Radical changes should be made to 999 call services in the UK to allow people to utilise smartphones in an emergency, a report has said.
Emergency services should create a data-based system to filter reports and deploy responders, says the Institute of Engineering and Technology (IET).
Smartphone technology and apps could be used to send alerts to the emergency services, it says.
Prof Will Stewart said there was a “critical” need to update the service.
A service primarily for deaf people and those with speech difficulties already exists, but requires people to register beforehand.
The report – called Contacting Emergency Services in the Digital Age – says emergency services need to “reflect the digital age” and the fact people now increasingly use text messages and social media to communicate, rather than making a voice call.
Prof Stewart, chair of the IET’s communications policy panel, said communication had changed “drastically” since the 999 service was designed in 1937.
“Given that young people are statistically more likely to be victims of crime or accidents, it is a concern that making a voice call to contact the emergency services is not something that would feel natural to them,” he said.
He added: “A girl alone in a minicab who becomes worried about her personal safety might feel unable to make a call on her mobile phone – but could send a text or alert someone over social media.
“And in the case of certain crimes, such as abduction or a break-in, a silent text or app-based alarm system would be more appropriate and instinctive than the current voice-based one for everybody – irrespective of their age.”
Prof Stewart said much of the technology required to update 999 services was available, but changes would need to be arranged in consultation with the main mobile and app-based text providers.
The report also said existing emergency services could be improved by using the latest GPS technology available on smartphones.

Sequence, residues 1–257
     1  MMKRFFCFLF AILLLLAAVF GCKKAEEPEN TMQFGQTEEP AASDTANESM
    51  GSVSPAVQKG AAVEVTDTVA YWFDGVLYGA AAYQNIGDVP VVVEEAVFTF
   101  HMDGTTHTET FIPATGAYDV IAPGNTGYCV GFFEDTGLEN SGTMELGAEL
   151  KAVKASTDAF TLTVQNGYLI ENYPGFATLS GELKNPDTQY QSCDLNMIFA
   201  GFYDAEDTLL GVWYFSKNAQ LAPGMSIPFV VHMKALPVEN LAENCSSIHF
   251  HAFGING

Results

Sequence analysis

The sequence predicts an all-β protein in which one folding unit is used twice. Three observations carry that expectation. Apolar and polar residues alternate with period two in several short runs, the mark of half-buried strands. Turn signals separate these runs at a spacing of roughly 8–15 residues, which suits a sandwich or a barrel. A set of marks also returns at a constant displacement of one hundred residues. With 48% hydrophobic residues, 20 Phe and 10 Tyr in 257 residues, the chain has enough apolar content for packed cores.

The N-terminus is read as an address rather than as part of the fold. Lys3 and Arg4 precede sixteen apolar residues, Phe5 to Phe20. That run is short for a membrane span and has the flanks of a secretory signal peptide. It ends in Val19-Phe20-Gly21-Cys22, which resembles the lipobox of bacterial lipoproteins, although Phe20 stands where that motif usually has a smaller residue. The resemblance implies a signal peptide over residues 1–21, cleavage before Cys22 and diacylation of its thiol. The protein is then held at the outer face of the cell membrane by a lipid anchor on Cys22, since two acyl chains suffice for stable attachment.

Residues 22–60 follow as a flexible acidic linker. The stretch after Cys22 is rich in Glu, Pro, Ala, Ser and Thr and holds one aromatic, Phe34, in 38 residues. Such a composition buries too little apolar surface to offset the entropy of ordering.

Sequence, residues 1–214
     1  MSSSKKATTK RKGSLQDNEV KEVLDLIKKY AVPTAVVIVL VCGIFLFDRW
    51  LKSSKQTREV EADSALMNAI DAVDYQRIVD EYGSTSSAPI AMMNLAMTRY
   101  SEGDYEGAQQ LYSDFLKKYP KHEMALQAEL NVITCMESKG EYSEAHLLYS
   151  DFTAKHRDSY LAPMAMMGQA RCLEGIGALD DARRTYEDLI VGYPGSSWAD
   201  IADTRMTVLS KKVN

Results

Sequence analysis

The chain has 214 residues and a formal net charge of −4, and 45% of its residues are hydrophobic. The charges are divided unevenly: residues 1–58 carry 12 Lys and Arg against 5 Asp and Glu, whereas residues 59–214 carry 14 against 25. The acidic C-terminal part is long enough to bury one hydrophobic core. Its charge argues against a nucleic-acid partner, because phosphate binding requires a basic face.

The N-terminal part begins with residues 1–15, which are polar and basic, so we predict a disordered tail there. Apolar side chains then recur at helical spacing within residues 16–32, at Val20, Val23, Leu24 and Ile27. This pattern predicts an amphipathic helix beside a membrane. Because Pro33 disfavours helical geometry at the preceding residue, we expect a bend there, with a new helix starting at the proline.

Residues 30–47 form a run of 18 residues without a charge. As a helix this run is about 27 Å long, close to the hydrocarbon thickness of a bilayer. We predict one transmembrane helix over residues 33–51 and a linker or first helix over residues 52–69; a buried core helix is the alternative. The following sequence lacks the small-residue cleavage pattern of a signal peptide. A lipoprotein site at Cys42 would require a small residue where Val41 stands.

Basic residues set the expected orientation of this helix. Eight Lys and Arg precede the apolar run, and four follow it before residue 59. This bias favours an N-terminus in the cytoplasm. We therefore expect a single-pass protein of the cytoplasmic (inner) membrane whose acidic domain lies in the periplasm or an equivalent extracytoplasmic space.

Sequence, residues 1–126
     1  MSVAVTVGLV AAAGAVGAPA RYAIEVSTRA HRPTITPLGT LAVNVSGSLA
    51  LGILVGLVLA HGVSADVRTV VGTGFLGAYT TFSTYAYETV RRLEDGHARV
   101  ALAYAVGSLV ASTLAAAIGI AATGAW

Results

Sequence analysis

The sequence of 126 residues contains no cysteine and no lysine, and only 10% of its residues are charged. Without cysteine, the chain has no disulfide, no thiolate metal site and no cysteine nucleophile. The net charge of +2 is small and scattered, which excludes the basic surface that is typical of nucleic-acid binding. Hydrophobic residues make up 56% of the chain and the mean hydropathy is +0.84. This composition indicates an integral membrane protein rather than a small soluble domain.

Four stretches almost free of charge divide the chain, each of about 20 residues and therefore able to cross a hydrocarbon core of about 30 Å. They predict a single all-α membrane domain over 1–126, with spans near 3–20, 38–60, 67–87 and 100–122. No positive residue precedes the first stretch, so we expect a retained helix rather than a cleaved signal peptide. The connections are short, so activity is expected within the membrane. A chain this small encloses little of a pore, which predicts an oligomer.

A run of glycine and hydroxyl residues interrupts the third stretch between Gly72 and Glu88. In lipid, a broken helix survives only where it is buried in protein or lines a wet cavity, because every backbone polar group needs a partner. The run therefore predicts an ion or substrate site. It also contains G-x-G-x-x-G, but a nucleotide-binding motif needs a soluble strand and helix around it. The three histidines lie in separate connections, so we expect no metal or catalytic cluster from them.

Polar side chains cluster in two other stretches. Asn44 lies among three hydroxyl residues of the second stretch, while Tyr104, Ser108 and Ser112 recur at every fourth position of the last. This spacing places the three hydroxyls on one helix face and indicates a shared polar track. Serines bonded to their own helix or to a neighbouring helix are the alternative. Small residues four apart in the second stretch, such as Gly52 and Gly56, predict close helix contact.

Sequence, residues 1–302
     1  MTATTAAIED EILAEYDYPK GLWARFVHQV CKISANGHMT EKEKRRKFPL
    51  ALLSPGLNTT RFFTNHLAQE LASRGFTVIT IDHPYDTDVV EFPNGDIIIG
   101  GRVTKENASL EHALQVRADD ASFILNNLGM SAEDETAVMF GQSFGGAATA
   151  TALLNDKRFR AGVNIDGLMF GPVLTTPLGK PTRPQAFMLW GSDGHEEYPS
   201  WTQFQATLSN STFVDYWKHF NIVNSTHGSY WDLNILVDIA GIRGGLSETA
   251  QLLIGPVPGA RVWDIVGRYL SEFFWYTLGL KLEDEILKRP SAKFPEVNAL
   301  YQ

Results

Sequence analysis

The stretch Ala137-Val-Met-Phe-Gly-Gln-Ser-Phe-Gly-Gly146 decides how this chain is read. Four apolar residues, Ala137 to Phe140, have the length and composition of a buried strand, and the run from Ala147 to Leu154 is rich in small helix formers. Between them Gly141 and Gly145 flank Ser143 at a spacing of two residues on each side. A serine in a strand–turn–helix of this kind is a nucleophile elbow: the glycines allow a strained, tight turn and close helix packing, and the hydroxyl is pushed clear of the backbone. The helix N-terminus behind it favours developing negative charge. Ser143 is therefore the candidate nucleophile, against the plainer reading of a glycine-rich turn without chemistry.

An automatic software system could also scan texts and pass on any known user information and approximate handset location to call handlers.
Prof Stewart said smartphones, which were now widely used, also had the technology to provide emergency services with a variety of information about their owners.
“The real problem with 999 is triage, i.e. deciding what to do when the call comes in, and people are confused, not talking very well,” he said.
“Your smartphone knows a lot of useful stuff. Firstly your location, secondly perhaps just listening to what’s going on, activating your camera and looking at what’s going on.
“If you’re in a distressed situation, the operator would be much better able to decide what your problem was than she was just listening to you sounding confused and distressed.”
Prof Stewart said the use of smartphones could “help, rather than hinder, the information problem”.
Supt Mark Nottage, from the emergency services mobile communication programme at the Home Office, said the emergency services needed to reflect a world where “many people rarely make voice calls in their daily lives”.
“This means that we need to adapt and be responsive to ensure that when people need to contact the emergency services or other public services they can quickly access the right information and the most appropriate service first time, and in the way that they choose and are familiar with,” he said.